Cultural diplomacy is what the policy wonks call it. On the ground in Havana with the Minnesota Orchestra, Marilyn C. Nelson, the orchestra's vice chair and tour underwriter, calls it love. There is no better way to describe the affection, admiration, generosity, appreciation, and sharing that took place between this impassioned orchestra and a joyous Cuban public.
In a jam-packed three days the orchestra gave two sold-out concerts at Teatro Nacional de Cuba, coached eager and admiring high school and college students, played a side-by-side concert with the Youth Orchestra of the Amadeo Roldán Conservatory, jammed with Cuban musicians into the wee hours in a night club, and performed at the residence of Ambassador Jeffrey DeLaurentis, Chief of Mission of the U.S. lnterests Section. The itinerary hardly does justice to the euphoria that typified each event and the beaming faces that lit up the entire tour. The promise of normalization following President Obama's December 17 announcement made every interaction even more poignant, this being the first visit of a U.S. orchestra since that historic date.
Trombone quartet, Instituto Superior de Arte, Cuba
Video: Jesse Rosen
For Principal Trombone R. Douglas Wright, and no doubt many of his colleagues in the Minnesota Orchestra, the highlight of the tour was the interaction with Cuban students. An all-female trombone quartet from the Instituto Superior de Arte left him speechless, their performance being at such an accomplished level. Their fancy foot work made them even more astonishing. Wendy Williams, the Minnesota Orchestra's second flute, was initially frustrated with the communication gap but then quickly adopted the language of smiles and hugs. As Music Director Osmo Vänskä explained, we learn by playing for each other. And he meant in both directions. Vänskä shared the podium at the side-by-side session with Cuban composer Guido López Gavilán, who taught the Minnesotans a rhythm that came to life not from a precise reading of the printed notes but from a more primal feeling of time. The exchanges continued as the Minnesotans handed off boxes of mouthpieces, strings, slide oil, and reeds to the students, most of whose instruments were in need of serious repair.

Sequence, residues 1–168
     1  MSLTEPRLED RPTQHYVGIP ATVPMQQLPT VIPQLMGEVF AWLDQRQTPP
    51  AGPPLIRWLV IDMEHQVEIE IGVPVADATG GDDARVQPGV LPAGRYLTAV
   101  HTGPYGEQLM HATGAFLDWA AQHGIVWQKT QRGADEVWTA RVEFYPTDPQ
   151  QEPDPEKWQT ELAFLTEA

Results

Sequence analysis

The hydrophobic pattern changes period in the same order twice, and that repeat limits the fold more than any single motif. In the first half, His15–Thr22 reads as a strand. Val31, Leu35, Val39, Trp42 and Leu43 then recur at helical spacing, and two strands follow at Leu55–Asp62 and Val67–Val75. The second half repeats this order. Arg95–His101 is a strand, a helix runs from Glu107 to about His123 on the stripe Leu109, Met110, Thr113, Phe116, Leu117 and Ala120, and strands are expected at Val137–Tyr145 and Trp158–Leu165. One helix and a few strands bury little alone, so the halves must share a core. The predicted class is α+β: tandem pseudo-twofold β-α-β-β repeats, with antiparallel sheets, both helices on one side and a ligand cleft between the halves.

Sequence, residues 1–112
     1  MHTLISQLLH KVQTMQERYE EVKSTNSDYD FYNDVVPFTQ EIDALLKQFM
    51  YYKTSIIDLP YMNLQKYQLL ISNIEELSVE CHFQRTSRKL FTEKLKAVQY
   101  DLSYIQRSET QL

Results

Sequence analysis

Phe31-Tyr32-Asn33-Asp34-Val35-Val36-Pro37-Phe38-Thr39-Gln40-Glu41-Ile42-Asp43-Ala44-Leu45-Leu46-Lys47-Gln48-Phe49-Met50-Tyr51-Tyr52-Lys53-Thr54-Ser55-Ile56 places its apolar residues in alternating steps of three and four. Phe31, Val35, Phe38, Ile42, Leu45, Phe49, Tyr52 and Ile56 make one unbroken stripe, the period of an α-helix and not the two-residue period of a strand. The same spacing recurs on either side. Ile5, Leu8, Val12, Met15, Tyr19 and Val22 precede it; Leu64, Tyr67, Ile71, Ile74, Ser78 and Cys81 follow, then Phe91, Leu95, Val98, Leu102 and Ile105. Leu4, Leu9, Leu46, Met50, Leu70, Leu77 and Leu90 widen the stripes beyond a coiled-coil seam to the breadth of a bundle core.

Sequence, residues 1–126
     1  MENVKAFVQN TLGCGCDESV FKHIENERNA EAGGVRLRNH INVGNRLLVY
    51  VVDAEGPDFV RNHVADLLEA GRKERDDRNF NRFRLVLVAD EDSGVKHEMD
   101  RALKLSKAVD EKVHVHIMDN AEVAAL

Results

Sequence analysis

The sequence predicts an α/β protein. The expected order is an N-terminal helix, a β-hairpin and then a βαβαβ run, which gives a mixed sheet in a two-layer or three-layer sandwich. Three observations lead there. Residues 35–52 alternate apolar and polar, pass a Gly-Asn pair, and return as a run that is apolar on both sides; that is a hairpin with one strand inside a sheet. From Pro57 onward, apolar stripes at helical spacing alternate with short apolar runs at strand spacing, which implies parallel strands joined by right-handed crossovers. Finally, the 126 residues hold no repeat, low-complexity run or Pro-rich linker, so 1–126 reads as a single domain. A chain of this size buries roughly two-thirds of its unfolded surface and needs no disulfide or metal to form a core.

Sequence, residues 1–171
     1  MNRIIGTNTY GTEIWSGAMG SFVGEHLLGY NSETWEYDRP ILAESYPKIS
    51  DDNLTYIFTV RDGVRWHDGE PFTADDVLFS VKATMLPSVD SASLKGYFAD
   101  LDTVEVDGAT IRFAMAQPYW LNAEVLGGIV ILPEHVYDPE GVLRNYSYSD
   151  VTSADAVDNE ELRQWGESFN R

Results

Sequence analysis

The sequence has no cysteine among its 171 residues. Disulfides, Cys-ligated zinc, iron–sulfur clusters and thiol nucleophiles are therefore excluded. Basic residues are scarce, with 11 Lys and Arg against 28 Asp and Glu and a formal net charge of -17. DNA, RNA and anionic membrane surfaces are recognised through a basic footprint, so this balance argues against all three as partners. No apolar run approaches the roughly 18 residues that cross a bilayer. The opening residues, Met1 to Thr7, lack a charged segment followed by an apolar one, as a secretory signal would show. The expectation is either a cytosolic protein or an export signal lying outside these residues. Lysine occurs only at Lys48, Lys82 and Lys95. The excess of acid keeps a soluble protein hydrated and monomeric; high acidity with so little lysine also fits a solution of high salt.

The concert programs were cleverly designed to showcase music of the Americas (Caturla's Danzón and Bernstein's Symphonic Dances from West Side Story); and to fit the Russian theme of the Cubadisco festival, Prokofiev's Romeo and Juliet Suite, also a nod to Cuba's deep ballet tradition. The Beethoven Choral Fantasy joined the orchestra with Cuban pianist Frank Fernandez and the National Chorus of Cuba and the Eroica anchored the all-Beethoven program. Spontaneous performances of the Cuban and U.S. national anthems opened the second night's concert, both works getting full-throated performances by the audience and orchestra, all on their feet and cheering at the end.
The Minnesota musicians play like their lives are at stake, with urgency, immediacy, and drama that never abates. The string sound is deep and rich, woodwinds nimble, and brass dark and powerful while well-blended into the overall color. The principals had plenty of chances to shine and they were dazzling. It took guts to play a mambo in Cuba, its country of origin, and the Minnesota percussion section more than held their own in Bernstein's Mambo from West Side Story.
The Minnesota Orchestra may seem unlikely ambassadors, having experienced a most undiplomatic sixteen-month lockout that ended a little over a year ago. But from all signs, that tear in their cultural fabric is mended with an unusually high esprit de corps among the musicians, board, and staff, all of whom could be seen together over meals, on the buses, and on the dance floor. For Kevin Smith, the Orchestra's CEO and originator of the idea to tour Cuba, the orchestra is not only back, but they are committed to renewed focus on their artistry with more tours and recordings ahead.
Tour underwriter Marilyn Nelson astutely observed that great things can happen when attention goes to something larger than ourselves. There are many ingredients that go into the successful running of a major symphony orchestra, but these three days in Havana strongly indicate that standing for something or someone is not only the right thing to do, but it also electrifies the music-making and ramps up the satisfaction and joy. As policy leaders question the relevance of orchestras in serving basic human needs, I am more convinced than ever of the capacity of orchestras to improve lives and communities. The Minnesota Orchestra is an orchestra that matters.It merits our pride and creates the public value that earns arts groups and all non-profit organizations the charitable tax policies that are their lifeblood.